With the plans announced by the UK government to raise the state pension age to 68, more than ever older workers will be remaining in the workforce for longer or return to work after early retirement. Some critics have raised concerns, as certain stigmas and perceptions by employers of the over-50s workforce need to change before individuals are encouraged to end early retirement.
According to recent statistics, in the last quarter of 2019 (pre-pandemic), there were 33 million people aged 16 and over in work and 9.3 million of these (28%) were aged 50–64. This trend is expected to continue, with the number of people in work aged over 65 expected to rise by one million by 2030. With this in mind, Oak Tree Mobility has investigated how an ageing workforce can bring valuable experience and stability to the workplace, but it is also facing significant challenges, including ageism and ableism.
Research from Ageing Better shows that more than a third (36%) of 50–69 year-olds feel at a disadvantage applying for jobs due to their age. This can range from being passed over for promotions or training opportunities to facing negative comments from colleagues or managers. Ageism not only has damaging effects on the individual, but it also has wider implications for the economy. Older workers who face ageism may be forced to retire earlier than they would like, reducing the overall pool of skilled workers and potentially limiting economic growth. It also means that businesses may miss out on the valuable contributions that older workers can bring, such as their experience and expertise.
An ageing workforce can bring significant value to a company in several ways. Older workers often bring a wealth of experience and knowledge, having spent many years in the workforce and gaining a deep understanding of their industry and job roles. This experience can be invaluable in solving complex problems, making informed decisions and providing mentorship to younger employees. An ageing workforce can also bring stability and reliability to the workplace, as older workers are less likely to change their jobs. Older workers can also bring diverse perspectives and innovative ideas, helping to drive creative thinking and problem-solving within the workplace
To address the challenges faced by older workers, employers must take steps to create a more inclusive workplace. This includes providing equal opportunities for training and development, ensuring that recruitment processes are free from age discrimination, and promoting an age-diverse workforce. This can help to ensure that older workers are valued for their skills and experience, rather than being discriminated against based on their age.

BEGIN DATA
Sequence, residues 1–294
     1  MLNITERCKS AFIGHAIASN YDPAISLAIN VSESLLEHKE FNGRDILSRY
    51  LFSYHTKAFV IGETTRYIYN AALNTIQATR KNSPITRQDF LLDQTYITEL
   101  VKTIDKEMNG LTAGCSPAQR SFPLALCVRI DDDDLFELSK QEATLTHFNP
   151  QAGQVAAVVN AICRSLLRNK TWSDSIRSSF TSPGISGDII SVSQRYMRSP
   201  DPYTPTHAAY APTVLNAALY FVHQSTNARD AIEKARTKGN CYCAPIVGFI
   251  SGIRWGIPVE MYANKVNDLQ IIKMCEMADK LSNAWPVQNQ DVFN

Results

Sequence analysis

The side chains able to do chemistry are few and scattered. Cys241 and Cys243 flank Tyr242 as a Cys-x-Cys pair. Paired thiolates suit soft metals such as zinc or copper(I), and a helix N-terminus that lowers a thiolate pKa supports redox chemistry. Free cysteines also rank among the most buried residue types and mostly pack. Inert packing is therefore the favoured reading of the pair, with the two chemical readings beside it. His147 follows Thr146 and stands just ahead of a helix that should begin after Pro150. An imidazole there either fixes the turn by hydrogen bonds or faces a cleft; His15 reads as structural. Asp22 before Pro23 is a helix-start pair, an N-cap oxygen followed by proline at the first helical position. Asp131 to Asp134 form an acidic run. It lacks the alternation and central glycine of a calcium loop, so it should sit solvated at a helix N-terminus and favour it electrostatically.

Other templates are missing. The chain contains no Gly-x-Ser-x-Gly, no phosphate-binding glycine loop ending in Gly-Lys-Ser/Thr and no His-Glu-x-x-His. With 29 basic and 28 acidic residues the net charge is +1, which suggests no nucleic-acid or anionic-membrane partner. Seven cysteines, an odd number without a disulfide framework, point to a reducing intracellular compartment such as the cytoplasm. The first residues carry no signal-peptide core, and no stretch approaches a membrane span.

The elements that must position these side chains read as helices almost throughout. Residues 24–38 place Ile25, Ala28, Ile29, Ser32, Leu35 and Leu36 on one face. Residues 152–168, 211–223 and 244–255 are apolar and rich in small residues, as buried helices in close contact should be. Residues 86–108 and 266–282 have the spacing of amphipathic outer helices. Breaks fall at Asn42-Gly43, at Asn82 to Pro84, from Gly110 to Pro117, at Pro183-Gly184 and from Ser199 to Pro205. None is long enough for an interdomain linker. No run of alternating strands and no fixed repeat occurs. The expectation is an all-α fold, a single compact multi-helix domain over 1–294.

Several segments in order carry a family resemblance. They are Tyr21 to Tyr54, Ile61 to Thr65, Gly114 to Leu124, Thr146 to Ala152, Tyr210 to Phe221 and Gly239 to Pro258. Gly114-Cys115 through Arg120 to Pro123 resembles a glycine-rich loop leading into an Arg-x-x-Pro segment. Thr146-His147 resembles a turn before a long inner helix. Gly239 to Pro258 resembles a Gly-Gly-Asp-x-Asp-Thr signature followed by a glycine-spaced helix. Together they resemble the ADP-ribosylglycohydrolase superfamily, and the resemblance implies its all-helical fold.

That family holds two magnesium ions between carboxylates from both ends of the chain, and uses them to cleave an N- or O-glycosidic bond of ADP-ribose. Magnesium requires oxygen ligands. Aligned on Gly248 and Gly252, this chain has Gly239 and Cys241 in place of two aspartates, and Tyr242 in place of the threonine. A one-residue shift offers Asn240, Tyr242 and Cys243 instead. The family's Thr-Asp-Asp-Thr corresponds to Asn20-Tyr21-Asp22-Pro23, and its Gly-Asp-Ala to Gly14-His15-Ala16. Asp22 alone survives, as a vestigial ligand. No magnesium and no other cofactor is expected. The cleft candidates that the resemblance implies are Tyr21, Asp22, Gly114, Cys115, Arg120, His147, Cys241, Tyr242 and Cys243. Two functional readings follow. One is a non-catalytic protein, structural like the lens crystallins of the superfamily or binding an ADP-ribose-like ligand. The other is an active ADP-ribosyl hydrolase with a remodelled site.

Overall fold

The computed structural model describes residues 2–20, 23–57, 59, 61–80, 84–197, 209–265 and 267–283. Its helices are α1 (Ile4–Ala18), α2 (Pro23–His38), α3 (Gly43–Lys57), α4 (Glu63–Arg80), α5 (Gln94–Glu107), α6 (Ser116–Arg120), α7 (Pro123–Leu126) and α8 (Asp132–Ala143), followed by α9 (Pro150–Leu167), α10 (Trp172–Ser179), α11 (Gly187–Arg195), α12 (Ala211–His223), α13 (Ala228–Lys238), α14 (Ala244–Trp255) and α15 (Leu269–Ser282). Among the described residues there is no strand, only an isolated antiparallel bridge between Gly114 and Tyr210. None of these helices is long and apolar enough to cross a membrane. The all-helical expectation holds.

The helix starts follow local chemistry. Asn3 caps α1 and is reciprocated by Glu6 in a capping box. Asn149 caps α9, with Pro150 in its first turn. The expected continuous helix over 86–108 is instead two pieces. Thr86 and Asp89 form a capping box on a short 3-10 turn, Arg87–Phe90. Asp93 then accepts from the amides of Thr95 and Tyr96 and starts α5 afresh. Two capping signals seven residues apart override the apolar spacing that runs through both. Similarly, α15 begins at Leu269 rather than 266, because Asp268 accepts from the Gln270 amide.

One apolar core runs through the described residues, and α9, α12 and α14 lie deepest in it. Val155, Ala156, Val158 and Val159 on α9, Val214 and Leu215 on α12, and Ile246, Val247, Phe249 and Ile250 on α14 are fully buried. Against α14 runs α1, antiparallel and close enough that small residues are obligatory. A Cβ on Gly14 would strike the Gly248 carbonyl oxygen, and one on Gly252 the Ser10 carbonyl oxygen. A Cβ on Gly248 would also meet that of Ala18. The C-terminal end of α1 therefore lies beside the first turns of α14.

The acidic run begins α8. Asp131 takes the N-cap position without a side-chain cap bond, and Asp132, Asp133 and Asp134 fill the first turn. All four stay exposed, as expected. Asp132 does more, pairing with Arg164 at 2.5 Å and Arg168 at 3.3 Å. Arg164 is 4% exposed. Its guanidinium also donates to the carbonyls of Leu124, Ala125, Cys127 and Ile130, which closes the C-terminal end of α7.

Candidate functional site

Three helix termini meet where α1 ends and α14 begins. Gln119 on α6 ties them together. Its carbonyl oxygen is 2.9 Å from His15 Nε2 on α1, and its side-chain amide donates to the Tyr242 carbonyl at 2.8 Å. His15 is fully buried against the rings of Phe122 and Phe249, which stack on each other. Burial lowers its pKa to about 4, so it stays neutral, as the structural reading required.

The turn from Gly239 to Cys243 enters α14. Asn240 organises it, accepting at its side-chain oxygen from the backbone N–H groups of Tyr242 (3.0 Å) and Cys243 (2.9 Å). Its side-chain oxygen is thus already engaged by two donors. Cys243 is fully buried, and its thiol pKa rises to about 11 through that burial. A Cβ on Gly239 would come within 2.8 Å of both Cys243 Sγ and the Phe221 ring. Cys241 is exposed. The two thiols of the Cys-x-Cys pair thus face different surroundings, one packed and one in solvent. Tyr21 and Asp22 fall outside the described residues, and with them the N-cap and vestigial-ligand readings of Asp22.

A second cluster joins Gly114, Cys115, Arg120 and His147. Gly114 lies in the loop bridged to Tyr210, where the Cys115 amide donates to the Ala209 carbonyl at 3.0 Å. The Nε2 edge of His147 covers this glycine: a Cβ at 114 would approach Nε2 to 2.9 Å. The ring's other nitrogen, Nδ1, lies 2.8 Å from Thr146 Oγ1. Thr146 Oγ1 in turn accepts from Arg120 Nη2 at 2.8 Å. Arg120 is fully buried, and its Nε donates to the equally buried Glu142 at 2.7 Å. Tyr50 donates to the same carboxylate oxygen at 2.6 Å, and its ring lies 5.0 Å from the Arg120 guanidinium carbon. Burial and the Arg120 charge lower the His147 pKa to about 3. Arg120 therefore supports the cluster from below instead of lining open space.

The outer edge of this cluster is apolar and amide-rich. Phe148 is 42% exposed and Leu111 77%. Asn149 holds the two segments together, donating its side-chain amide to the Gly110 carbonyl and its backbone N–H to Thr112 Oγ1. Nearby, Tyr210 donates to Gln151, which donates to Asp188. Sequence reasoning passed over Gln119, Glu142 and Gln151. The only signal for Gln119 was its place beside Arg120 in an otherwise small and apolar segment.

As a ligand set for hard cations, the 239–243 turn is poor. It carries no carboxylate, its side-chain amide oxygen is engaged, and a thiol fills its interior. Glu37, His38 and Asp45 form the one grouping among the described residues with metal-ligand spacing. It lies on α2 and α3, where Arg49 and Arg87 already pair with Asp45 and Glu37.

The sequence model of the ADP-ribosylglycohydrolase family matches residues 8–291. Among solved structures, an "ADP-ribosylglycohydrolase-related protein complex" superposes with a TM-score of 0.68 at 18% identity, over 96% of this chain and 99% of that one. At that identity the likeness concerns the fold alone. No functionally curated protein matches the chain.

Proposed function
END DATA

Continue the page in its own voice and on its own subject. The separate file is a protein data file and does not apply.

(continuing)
In addition, the government can also play a role in addressing the challenges faced by older workers. For example, policies can be implemented to address ageism in the workplace, provide support for training and development, and encourage flexible working arrangements to help older workers balance work and care responsibilities.
By creating an inclusive workplace and valuing the contributions of older workers, businesses can benefit from the valuable skills, experience, and stability that an ageing workforce brings. Additionally, the government can play a role in addressing the challenges faced by older workers, through policies and support programs, to ensure that the ageing workforce is valued and supported.
Verity Kick, marketing director at Oak Tree Mobility said: “An ageing workforce brings valuable experience and stability to the workplace, but it is also facing significant challenges, including ageism and ableism. To address these challenges, employers must take steps to create a more inclusive workplace and value the contribution of older workers. The government can also play a role through policies and support programmes to ensure that the ageing workforce is valued and supported.”